The Jackal’s Head by Elizabeth Peters

 

Cozy MysteryRomanceThe Jackal's Head by Elizabeth Peters

The Jackal’s HeadElizabeth Peters; Avon 2002WorldCatTen years earlier, 15-year-old Althea Tomlinson left Egypt and archeology when her father was discredited and sent back to the United States in shame. Shortly after that, he died in a car accident. Now Althea has a chance to return and find the truth of what happened with her father.

She comes to Luxor as the companion/chaperone of the teen-aged daughter of a wealthy American who collect Egyptian artifacts. He wants his daughter in Egypt, but she fell and broke her leg in a skiing accident a few weeks earlier. The temporary job is the perfect excuse for Althea to return to Egypt quietly and without informing her father’s colleagues who are still there.

It’s not long before she is recognized and drawn back in with the archeologists who condemned her father. As she learns the truth of what happened ten years ago, she gets a new picture of her father. She also is now in danger. Her father found something before he died that men have been searching for since. Someone believes Althea holds the clue to a hidden stash of artifacts. Will she live to see her father’s greatest discovery?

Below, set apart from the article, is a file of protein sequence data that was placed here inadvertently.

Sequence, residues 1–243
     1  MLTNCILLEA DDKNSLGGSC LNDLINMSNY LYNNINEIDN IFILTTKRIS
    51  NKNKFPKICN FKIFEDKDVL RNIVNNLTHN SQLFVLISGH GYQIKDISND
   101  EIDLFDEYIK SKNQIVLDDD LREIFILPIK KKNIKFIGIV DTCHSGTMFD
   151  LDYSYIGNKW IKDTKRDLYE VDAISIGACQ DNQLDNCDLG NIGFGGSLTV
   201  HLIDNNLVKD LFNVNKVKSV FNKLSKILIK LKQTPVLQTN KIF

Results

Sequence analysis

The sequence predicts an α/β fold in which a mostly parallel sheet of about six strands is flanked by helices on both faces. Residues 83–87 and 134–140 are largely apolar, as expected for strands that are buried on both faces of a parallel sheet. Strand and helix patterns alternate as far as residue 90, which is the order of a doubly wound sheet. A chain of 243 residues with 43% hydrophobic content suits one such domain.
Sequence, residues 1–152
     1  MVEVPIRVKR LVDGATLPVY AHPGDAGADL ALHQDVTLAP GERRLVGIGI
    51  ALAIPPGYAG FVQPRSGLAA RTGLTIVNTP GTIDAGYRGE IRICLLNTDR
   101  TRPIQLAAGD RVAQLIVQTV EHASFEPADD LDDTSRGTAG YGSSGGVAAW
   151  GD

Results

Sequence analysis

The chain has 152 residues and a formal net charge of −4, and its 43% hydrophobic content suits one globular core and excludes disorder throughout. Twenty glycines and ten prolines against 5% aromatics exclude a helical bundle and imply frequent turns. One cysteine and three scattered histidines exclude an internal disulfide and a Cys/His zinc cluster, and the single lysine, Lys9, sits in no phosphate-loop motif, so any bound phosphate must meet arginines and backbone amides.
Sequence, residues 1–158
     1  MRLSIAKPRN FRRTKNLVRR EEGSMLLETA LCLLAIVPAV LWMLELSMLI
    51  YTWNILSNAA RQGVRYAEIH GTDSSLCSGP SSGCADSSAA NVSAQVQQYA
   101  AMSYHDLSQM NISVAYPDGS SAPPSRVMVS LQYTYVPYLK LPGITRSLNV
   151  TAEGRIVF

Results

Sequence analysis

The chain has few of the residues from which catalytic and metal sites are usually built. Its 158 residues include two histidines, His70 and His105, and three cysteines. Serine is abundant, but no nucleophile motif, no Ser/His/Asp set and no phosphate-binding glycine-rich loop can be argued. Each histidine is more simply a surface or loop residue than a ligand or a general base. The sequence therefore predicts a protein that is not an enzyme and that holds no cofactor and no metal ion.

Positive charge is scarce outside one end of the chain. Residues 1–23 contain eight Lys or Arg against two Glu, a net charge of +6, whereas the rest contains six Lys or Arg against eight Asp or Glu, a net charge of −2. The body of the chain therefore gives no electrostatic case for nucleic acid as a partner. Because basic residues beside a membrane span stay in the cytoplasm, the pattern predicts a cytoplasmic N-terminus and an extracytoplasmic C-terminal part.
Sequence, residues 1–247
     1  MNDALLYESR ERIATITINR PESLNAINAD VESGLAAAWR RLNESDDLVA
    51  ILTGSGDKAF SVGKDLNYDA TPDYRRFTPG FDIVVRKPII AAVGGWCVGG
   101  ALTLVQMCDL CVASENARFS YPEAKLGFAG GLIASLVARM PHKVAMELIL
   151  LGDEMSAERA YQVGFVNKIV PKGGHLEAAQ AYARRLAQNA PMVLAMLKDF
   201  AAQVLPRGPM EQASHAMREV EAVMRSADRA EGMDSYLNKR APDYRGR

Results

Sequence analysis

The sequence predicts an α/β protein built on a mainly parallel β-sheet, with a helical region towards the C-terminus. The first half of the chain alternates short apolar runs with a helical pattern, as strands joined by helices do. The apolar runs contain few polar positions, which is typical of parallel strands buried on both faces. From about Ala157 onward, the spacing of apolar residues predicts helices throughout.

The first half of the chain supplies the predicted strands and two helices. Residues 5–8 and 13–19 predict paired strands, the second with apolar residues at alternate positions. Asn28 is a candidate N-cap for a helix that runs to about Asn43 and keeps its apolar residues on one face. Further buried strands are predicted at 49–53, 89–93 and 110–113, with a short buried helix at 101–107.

The thing that struck me the most during this novel is the writing style. This is one of Elizabeth Peters’ early novels and is written in the romance mystery style of the 1960’s. Although I know writing styles change over the years, I don’t always see the similarities in popular novels like I did here. I kept thinking of Mary Stewart’s romantic mysteries of the same era – an author I’ve read and admired for years.

The conclusion was obvious in a couple areas, but Peters keeps a secret or two throughout The Jackal’s Head to keep the reader guessing. The descriptions of the Luxor area also show Peters’ appreciation of the area as well as her archeological knowledge that is later used so well in the Amelia Peabody series. Although this isn’t necessarily the novel to start with if you haven’t read any of this author’s work, it is a good one to add to her list.

More books by Elizabeth Peters

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